Solid acid catalysts, which have favorable characteristics such as efficient activity, high selectivity, long catalyst life and ease in recovery and reuse, have great potential for efficiently transforming lignocellulosic biomass into biofuels and can replace many conventional liquid acids for hydrolysis and pretreatment. This work briefly introduces conventional biomass pretreatment and hydrolysis techniques, and reviews in detail the characteristics of biomass hydrolysis for five types of solid acid catalysts grouped as H-form zeolites, transition-metal oxides, cation-exchange resins, supported solid acids and heteropoly compounds. Carbonaceous solid acid (CSA) catalysts are considered as the most promising catalyst for cellulose hydrolysis, since they provide good access of reactants to the acidic sites of SO3H groups. High glucose yields of up to 75% with 80% selectivity have been achieved at 150 degrees C for 24 h with CSA. However, separation of CSA from un-hydrolyzed cellulose residues after hydrolysis needs further research since these catalysts have similar physical and chemical properties to the residues. Use of functionalized CSA catalysts that contain paramagnetic groups is one method to improve CSA separation and reuse. Suggestions are given for promoting catalytic efficiency for each kind of solid acid catalysts. Methods to promote reactions or increase selectivities such as microwave, ultrasonication and nanotechnology are introduced. Finally, we highlight a recent strategy that exploits acid-functionalized paramagnetic nanoparticles suitable for cellulose hydrolysis, and address new opportunities for the use of solid acid catalysts. (C) 2012 Elsevier Ltd. All rights reserved.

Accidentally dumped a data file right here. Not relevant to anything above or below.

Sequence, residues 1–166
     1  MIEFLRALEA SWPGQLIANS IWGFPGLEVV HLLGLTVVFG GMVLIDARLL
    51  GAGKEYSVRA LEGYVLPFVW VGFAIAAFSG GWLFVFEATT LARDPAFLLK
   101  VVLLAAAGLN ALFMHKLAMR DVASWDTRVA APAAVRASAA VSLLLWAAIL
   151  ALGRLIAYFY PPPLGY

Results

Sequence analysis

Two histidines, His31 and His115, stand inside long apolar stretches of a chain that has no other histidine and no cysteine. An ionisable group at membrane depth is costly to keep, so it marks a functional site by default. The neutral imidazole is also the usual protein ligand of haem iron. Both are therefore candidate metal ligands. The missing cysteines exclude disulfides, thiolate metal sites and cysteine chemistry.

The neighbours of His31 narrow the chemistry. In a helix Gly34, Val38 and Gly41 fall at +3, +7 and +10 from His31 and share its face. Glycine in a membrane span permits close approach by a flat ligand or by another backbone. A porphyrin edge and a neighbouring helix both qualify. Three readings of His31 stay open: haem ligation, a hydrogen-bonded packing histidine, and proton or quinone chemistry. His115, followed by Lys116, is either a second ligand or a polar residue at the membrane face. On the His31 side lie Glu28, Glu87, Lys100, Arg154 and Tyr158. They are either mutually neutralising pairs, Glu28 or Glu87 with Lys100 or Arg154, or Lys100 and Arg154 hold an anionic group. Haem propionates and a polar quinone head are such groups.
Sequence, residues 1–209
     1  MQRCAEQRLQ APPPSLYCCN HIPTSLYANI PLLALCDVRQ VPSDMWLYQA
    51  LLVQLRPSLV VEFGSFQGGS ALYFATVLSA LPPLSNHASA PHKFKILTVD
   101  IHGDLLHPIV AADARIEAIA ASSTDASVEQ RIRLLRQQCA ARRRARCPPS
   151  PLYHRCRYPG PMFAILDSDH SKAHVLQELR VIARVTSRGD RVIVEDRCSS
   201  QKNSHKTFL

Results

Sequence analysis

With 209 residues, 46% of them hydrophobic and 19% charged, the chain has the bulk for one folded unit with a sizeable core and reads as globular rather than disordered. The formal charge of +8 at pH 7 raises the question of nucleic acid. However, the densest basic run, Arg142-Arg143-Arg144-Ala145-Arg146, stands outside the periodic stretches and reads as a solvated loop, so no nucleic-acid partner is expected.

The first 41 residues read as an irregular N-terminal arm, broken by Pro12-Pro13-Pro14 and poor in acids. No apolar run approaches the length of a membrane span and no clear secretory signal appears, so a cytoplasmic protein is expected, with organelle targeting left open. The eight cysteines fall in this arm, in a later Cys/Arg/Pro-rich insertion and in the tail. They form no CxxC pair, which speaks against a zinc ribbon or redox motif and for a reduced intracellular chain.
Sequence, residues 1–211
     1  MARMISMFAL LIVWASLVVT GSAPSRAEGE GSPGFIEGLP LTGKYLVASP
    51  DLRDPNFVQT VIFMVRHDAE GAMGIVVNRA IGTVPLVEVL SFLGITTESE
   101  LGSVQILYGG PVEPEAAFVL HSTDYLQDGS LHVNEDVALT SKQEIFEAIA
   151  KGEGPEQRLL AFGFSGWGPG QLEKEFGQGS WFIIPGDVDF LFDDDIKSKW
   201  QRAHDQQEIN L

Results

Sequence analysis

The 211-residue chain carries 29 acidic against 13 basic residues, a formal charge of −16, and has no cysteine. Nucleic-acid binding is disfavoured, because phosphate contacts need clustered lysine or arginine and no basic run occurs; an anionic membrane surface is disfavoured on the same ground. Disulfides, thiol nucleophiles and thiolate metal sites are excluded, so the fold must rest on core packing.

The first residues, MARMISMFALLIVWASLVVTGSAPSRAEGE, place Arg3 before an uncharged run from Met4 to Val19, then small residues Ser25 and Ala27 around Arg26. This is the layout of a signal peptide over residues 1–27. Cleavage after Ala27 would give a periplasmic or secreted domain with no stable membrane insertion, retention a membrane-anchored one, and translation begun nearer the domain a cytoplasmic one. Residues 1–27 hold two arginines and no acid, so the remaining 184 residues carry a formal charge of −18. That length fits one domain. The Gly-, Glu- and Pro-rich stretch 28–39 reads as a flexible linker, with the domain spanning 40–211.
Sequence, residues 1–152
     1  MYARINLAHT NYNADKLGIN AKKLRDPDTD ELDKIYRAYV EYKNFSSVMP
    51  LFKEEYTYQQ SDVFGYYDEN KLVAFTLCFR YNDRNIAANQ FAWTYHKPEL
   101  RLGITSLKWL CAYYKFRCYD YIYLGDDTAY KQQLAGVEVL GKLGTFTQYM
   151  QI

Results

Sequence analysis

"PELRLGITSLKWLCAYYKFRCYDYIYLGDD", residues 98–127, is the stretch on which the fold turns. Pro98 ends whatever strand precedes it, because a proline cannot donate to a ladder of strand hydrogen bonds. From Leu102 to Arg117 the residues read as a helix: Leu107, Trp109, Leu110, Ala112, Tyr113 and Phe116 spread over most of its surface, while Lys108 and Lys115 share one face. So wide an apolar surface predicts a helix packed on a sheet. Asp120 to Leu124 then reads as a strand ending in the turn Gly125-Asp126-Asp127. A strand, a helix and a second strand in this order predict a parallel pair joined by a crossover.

Solid acid mediated hydrolysis of biomass for producing biofuels
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